A real photo that will either be a footnote in American history books or a photo at the beginning of chapters in history books (Chip Somodevilla/Getty Images)

Do you remember the worst, most over-the-top dystopian fiction you ever wrote? You know what I’m talking about. That terrible short story you hammered out in middle school, inspired by books like 1984 and Brave New World? Well, ignore the people who tell you that we live in the world of Orwell or Huxley. We live in your middle school rip-off of those authors.

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We’ve had police shooting civilians, civilians shooting police, brutal terror attacks involving trucks in France, brutal terror attacks involving guns in Orlando, Britain leaving the EU and destabilizing the world economy, and American police shooting people on the ground who have their hands in the air, later explaining that they were actually aiming at the autistic man who was holding a toy truck.

And don’t even get me started on American politics. The United States has two of the most despised candidates in modern history running against each other. One is a neoliberal establishment figure who represents a continuation of the policies of the Obama administration (drone strikes and all) and the other is quite literally a fascist. And the fascist is running in a dead heat against the establishment candidate.

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Yes, everything has always been bad. The 1930s had the Great Depression; the 1940s had World War II and the internment of Japanese-Americans; the 1950s had the Korean War and the violent oppression of black people; the 1960s had riots and the Vietnam War; the 1970s had Watergate and averaged an airplane hijacking every two weeks... but are things really worse here in 2016? Last night’s acceptance speech by Donald Trump made me believe that it really could be. Not because Trump said anything more outrageous than he ever has. But because his hateful message and the dystopian optics that come with it are now just par for the course. The politics of fear blasted without shame through your TV set was the new normal in a country that prides itself in supposedly living without fear.

Obviously, I’m not here to change your mind about Donald Trump. If you like the man, there’s nothing I can write that will change that. Republicans have more or less gotten into line under the assumption that a Clinton presidency would be more damaging than Donald Trump.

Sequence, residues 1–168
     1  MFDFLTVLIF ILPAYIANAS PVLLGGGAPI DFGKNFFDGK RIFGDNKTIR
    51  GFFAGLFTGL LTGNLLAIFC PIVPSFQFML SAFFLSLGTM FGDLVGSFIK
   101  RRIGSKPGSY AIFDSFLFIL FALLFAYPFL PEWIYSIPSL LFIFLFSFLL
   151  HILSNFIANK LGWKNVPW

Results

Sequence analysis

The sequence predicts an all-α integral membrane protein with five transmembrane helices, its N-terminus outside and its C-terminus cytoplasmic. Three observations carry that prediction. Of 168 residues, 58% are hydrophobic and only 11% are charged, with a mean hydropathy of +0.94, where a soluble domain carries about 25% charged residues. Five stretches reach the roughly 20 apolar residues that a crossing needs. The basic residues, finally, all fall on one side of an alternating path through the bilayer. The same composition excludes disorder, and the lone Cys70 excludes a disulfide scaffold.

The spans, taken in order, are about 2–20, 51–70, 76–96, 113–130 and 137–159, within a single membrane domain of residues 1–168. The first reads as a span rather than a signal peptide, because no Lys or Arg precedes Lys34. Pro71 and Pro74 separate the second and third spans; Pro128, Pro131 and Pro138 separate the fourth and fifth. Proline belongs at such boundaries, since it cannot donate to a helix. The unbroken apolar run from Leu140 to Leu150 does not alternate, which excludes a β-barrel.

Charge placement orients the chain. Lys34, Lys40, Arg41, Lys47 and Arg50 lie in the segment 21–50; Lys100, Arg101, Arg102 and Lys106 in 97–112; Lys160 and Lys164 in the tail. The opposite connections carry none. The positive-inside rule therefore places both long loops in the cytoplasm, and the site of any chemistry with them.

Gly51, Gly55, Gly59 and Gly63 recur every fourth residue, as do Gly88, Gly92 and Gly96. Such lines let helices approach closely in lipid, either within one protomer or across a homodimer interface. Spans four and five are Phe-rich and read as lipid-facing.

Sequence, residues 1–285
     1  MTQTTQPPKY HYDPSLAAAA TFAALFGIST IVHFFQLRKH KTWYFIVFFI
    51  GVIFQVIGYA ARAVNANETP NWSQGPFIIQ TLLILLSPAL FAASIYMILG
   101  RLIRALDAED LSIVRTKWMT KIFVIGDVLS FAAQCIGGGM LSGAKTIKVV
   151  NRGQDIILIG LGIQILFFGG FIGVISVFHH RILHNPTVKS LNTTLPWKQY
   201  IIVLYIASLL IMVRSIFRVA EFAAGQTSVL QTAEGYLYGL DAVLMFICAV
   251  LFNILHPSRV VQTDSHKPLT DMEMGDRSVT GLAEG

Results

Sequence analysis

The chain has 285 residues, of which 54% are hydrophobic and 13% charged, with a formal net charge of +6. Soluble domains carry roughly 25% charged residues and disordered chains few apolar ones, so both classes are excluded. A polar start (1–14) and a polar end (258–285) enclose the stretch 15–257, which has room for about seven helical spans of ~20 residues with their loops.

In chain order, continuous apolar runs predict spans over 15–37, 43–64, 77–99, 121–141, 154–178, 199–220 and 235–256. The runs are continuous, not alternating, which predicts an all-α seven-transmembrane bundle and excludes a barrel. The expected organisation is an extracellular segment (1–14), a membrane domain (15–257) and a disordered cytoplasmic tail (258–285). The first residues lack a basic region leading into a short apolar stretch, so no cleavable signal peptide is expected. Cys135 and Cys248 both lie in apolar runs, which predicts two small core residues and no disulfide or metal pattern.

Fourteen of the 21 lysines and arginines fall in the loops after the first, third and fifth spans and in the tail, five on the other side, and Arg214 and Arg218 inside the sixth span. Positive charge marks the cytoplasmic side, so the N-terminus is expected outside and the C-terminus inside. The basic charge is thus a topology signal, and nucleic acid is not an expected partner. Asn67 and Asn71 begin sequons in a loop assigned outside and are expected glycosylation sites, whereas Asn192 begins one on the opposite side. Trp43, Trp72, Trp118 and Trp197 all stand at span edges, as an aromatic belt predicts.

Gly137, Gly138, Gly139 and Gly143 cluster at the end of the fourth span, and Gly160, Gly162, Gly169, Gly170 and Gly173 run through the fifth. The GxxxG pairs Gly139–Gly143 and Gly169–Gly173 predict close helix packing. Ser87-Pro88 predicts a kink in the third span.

And you, no doubt, think I’m a flag-burning Clinton stooge for even questioning Trump’s patriotism. But last night should’ve been all too surreal for even the most jaded observer. The stages have all been spray-painted gold and the bronzer has all been applied. Most importantly, the contradictions have all been heightened, much like a child learning how to write creatively in his formative years. Donald Trump went from a reality TV show punchline to a very serious presidential candidate in less than a year. And amongst the pageantry of all this, Trump has changed the narrative of acceptable political discourse for a generation.

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Now, when politicians propose a ban on all Muslims entering the United States, the reaction won’t be getting laughed out of public life and into the midnight hours of public access TV. The reaction will be, as it has been for journalists now questioning Trump, about the specifics of such a plan. But how will you specifically enforce such a ban on all Muslims? What about Muslims serving their country overseas? What if a Muslim lies when they’re trying to enter the country and says they’re not Muslim, what then, Einstein?

Or when you call an entire nation of people rapists, as Trump did with Mexico, and say they’re coming into the United States to commit crimes and siphon off American jobs and resources, you’re not denounced immediately as a bigot. You’re asked to give specifics about how you’ll pay for the wall to keep those people out. Again, it’s like some ham-handed attempt at thoughtful dystopian prose that I would’ve attempted as a teen.

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Donald Trump stood up last night in front of the American people and shouted at us for an hour and 15 minutes that things are terrible and that he’s going to make them better. Daddy’s here. The world is dangerous, but he’s going to protect us. Make sure to ask your 7th grade English teacher after class whether or not she gets the symbolism.

The year 2016 is more than half over, and I think I speak for a lot of people when I say that I’ll be glad to see it go. But if I’ve learned anything in life, it’s this: Things can always get worse. Things always got worse in my shitty, middle school fiction.

(Photo by John Moore/Getty Images)